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Wednesday, 5 June, 2002, 14:14 GMT 15:14 UK
Balloonists helped by Gagarin's team
The balloonists simulate the near space conditions in a pressure chamber

In a sleepy suburb on the outskirts of Moscow a plot is being hatched to send two Britons higher than any human has flown before without actually blasting off in to space.

Above 80,000 feet the pressure is so low that your blood boils... we would die horribly in seconds

Andy Elson, balloonist
Experts from the Zvezda spacesuit factory, regarded as world leaders in their field, are helping balloonists Andy Elson and Colin Prescot get ready for a flight that could take them to a height of 40,000 metres (132,000 feet).

And that would be a new world altitude record.

But to survive in the near vacuum up that high, they have to wear spacesuits, as they plan to travel in an open platform suspended from their huge balloon, QinetiQ 1.

After a week of training at the once top secret factory, Andy Elson explained why the Russian equipment is so vital.

Experts sought

"If we didn't have the spacesuits, we couldn't possibly make the flight.

"Above 80,000 feet (24,000 metres), the pressure is so low that your blood boils and that would be it. We'd die a horrible death in a few seconds."

Boris Mikhailov: "It's a pioneering project... we're really pleased to be involved"
Andy and his team-mate, Colin Prescot, approached the factory about two years ago to ask them for help.

Zvezda, once closed to the outside world, is still under tight security and it is virtually impossible for foreigners to gain access.

It was here, around 40 kilometres (25 miles) from Moscow city centre, that the brightest and best of Russian science battled to beat the Americans into space 40 years ago.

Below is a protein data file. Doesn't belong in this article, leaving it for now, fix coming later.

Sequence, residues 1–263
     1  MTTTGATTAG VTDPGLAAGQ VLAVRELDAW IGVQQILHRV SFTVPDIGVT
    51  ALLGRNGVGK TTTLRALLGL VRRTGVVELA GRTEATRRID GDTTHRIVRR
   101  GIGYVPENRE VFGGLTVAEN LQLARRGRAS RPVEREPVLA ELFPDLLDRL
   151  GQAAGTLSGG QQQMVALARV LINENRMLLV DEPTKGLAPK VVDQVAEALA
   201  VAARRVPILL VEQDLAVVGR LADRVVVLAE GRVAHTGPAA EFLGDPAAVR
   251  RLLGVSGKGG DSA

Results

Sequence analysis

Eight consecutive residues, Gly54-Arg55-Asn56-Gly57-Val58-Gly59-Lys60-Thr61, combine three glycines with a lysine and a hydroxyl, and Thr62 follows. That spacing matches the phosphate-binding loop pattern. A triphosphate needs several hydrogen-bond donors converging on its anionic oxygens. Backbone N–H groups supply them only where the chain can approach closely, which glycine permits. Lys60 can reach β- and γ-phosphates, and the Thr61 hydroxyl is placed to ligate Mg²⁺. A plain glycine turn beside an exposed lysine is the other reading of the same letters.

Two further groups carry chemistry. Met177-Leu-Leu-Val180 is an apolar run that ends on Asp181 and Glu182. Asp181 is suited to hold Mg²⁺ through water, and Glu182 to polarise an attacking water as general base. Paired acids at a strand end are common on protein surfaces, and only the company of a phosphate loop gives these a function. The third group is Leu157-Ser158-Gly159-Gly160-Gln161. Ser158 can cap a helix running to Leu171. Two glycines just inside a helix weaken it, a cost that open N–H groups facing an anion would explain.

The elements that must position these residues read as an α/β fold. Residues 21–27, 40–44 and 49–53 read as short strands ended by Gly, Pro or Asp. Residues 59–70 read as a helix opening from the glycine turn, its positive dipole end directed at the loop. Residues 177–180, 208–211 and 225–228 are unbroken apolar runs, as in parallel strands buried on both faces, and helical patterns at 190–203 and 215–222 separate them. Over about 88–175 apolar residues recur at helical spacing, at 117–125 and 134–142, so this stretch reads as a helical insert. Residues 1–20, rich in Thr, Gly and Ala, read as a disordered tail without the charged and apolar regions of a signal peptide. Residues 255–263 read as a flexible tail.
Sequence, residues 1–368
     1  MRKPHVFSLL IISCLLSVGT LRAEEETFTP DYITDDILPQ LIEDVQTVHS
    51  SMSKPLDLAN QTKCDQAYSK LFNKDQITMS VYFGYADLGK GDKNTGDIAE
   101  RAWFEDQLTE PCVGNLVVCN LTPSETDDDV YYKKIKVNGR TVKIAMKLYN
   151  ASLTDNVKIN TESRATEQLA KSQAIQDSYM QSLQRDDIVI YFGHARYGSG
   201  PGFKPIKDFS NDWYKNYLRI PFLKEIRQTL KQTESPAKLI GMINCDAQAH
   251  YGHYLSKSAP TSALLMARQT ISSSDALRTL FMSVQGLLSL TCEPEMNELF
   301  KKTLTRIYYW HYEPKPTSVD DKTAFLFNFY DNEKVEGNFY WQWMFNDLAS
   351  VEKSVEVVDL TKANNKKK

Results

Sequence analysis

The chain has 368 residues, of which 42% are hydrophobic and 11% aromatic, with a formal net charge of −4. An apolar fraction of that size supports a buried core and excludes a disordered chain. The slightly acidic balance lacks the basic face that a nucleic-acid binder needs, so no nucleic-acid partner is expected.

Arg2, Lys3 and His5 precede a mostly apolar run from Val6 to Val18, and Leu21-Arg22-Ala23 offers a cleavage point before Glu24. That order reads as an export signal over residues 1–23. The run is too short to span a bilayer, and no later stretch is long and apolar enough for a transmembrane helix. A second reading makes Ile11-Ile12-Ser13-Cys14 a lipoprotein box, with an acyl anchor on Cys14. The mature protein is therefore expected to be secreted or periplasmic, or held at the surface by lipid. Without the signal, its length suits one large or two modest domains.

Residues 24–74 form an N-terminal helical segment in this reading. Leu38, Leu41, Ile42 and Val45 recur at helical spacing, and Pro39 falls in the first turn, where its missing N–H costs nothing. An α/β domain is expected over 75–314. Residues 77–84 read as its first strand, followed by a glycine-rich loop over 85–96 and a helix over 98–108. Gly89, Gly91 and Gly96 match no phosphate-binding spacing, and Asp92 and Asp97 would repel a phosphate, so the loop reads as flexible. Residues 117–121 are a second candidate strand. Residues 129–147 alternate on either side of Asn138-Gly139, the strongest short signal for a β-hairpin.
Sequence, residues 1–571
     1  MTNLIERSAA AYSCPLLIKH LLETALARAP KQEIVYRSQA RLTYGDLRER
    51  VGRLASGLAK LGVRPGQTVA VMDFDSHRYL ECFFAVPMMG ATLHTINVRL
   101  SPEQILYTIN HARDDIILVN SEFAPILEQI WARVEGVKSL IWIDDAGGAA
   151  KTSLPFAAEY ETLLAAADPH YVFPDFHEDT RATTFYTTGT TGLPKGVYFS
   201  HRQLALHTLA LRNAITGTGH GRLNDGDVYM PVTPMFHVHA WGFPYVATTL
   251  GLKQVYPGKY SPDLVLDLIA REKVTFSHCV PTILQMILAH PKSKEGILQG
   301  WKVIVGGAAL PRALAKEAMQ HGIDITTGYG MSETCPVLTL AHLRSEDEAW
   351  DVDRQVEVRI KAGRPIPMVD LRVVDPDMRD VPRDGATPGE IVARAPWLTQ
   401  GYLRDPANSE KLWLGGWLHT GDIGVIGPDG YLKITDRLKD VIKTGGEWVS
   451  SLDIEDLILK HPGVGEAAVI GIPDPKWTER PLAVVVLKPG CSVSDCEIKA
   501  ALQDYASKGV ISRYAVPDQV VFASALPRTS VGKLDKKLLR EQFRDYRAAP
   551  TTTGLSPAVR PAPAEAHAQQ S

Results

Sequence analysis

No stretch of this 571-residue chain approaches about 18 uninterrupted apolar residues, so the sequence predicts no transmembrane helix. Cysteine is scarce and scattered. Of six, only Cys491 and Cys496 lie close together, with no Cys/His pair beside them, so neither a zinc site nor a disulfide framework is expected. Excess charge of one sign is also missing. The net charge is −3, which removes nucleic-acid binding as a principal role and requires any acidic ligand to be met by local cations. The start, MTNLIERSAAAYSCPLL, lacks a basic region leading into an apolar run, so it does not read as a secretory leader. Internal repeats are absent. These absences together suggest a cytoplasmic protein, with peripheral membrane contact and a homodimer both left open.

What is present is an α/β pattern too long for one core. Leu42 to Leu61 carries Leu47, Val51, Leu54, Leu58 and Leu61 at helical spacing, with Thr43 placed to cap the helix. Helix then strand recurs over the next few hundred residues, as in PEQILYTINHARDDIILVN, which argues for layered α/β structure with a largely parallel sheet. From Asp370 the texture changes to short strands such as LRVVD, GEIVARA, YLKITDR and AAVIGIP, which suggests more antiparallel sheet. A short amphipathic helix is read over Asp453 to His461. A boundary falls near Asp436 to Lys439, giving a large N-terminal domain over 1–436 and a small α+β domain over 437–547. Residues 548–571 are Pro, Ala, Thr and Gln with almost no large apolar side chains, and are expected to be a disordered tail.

Cosmonaut Yuri Gagarin was fitted out for his spacesuit at the factory before becoming the first man in space in 1961.

The man responsible for that operation, Boris Mikhailov, is still on the staff and is helping the British balloonists get ready for their mission.

Balloon pioneers

Walking through Zvezda's unique museum of space history, with artefacts including Gagarin's spacesuit, Boris says the balloonists are breaking new ground.

"We regarded Gagarin's mission as just everyday work for us engineers.

Russian space suits allow the balloonists to attempt a new record
"When the mission was over, we realised our cosmonauts were pioneers and this was a new completely new area of human activity.

"This is very similar to Gagarin's flight; you can make that comparison. It's a pioneering project and so we're really pleased to be involved."

But a sense of adventure alone won't be enough to make the project successful.

The Zvezda scientists have been putting Colin and Andy through a gruelling programme of testing.

'To die for'

They have to be absolutely sure the spacesuits will not fail. Both balloonists have gone through nine-hour stints in sealed pressure chambers, where the conditions they will face in the stratosphere are simulated.

They breathe in pure oxygen and the suits keep their bodies warm while temperatures outside plunge to nearly minus 50 Celsius.

Rigorous practice prepares the two balloonists for an emergency sea ditch
In another experiment, the men are dropped from a parachute-like harness into a water pool.

They have to know how to survive in the sea should they make an emergency landing.

The flight is due to take place sometime this summer, depending on wind and weather conditions.

The balloon will be launched from on board a ship anchored off the Cornish coast in southwest England.

"For me it's a grand day out, an adventure," says Colin Prescot.

"It's the concept of being up there; two little spacemen on an open deck with the biggest balloon in history, with an ink-black sky and the curvature of the Earth beneath. I would have thought that was something anybody would die for."

The BBC's Robert Hall:
"The task is to ensure they survive"
See also:

03 May 02 | Science/Nature
08 Nov 01 | England
05 Mar 99 | Great balloon challenge
12 Mar 01 | Science/Nature
28 Feb 99 | Great balloon challenge
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